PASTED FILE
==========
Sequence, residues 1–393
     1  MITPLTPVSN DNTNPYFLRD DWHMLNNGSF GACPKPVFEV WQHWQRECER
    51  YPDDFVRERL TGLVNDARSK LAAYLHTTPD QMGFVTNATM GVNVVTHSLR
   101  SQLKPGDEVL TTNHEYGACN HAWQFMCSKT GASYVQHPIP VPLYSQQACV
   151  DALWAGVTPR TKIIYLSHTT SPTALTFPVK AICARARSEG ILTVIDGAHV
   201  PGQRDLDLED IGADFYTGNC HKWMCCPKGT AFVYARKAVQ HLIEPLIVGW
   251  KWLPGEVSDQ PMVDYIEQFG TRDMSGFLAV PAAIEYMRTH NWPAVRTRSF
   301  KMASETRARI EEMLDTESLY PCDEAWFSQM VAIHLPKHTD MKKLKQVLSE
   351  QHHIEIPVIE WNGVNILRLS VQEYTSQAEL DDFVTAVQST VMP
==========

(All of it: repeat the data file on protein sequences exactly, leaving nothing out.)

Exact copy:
Sequence, residues 1–393
     1  MITPLTPVSN DNTNPYFLRD DWHMLNNGSF GACPKPVFEV WQHWQRECER
    51  YPDDFVRERL TGLVNDARSK LAAYLHTTPD QMGFVTNATM GVNVVTHSLR
   101  SQLKPGDEVL TTNHEYGACN HAWQFMCSKT GASYVQHPIP VPLYSQQACV
   151  DALWAGVTPR TKIIYLSHTT SPTALTFPVK AICARARSEG ILTVIDGAHV
   201  PGQRDLDLED IGADFYTGNC HKWMCCPKGT AFVYARKAVQ HLIEPLIVGW
   251  KWLPGEVSDQ PMVDYIEQFG TRDMSGFLAV PAAIEYMRTH NWPAVRTRSF
   301  KMASETRARI EEMLDTESLY PCDEAWFSQM VAIHLPKHTD MKKLKQVLSE
   351  QHHIEIPVIE WNGVNILRLS VQEYTSQAEL DDFVTAVQST VMP